Could the language you use determine what happens to you? Could it, even, determine what decision you will make when faced with a specific set of circumstances? One of the core concepts of The Sniper Mind: Eliminate Fear, Deal with Uncertainty, and Make Better Decisions is that it does.
To understand how and why we need to take a deeper dive into what language is and what it does.
Wittgenstein argued that language is an imprecise ‘language game‘ with many different rules for words depending upon how the word is used. That definition transforms words from sounds that have a representational value of some underpinning reality to cultural artefacts representative of relative values.
This takes language away from its more traditional and outdated fixed representational mode of some underlying reality and transforms it into a highly nuanced, cultural artefact whose value is contextual, definition is fluid and impact is depended upon the knowledge and awareness of its recipients.
Supporters of nominative determinism will argue this isn’t the case and will cite a 1948 Harvard University study that showed that a person’s last name was highly predictive of their profession and socioeconomic success. Before we go into reading too much into that study however it may be worth considering that correlation does not mean causation and as Will Self admirably argues names gain their value from their association with identity and personality and social perceptions play a large part in this.
This changes language from something that is learned by the brain as the world makes its presence known to it, to something that the brain applies in order to create structure in the world, generating taxonomies and classifications in the process.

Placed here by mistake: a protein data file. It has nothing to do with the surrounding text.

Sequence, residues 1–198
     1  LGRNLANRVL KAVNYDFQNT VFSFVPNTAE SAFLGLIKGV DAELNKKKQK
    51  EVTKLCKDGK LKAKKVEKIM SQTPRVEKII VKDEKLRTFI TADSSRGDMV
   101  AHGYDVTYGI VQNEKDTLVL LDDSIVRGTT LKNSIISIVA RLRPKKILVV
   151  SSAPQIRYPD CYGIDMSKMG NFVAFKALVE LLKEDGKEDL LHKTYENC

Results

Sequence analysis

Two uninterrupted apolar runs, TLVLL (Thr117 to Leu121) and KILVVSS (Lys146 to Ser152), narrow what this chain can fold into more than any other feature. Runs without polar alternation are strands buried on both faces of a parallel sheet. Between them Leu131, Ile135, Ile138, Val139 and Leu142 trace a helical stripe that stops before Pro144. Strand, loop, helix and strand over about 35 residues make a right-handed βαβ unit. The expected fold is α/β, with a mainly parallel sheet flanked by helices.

When language is biological certain things happen. First, languages that are socially and structurally apart display similarities that shouldn’t exist and can only be ascribed to biology. While culture can throw up an incredible number of permutations, there are finite ways we can use our eyes, hands and brains. These become part of a wider, underlying, common way of seeing the world and dealing with reality.
Second, if the brain is the instrument through which we experience the world then language is an internal mental code that we happen to have externalized through oral expression. The Kekulé Problem highlights this beautifully and helps explain the difficulty we find in communicating, as a species which, given the long history of our ability to speak is hard to fathom.
Once our legs are strong enough to carry us and our brains have learnt to coordinate our steps none of us finds walking difficult. Similarly we don’t find difficult using our hands to pick up and throw things. Yet, communication is a learned ability that none of us perfects without real effort.
The idea that language is not really a communication system is gaining more and more ground particularly as we realize that thinking doesn’t require language. As a matter of fact research with animals suggests that they are highly capable of executive decision making and can theorize about the minds of others even though they cannot and do not use language.
Wittgenstein (again) argued that language confers meaning and that meaning in language comes out of use. Meaning delivers value. Value justifies effort. Effort requires intent. Intent is never sustainable without a sense of purpose underpinned by goals. All of that requires a deep sense of identity.
But back to the original question about the language you use and where it gets you. While it is definitely possible to think without language the use of language exerts its own influence, producing pressures that trigger adaptive responses much like running forces our legs to change musculature which, in turn, allows us to find new ways to use them.
In a similar manner the language we use governs perception which creates our sense of reality, which then defines the parameters our thinking and motivation operate in:
This is a long way to say that when you respond “I cannot” to something, you really, truly can’t. We are unique in being able to change our ‘operating system’ to make our brains see things differently by changing our perception. We can’t do that without articulating it. The things we say do become the things we do.
Originally published at thesnipermind.com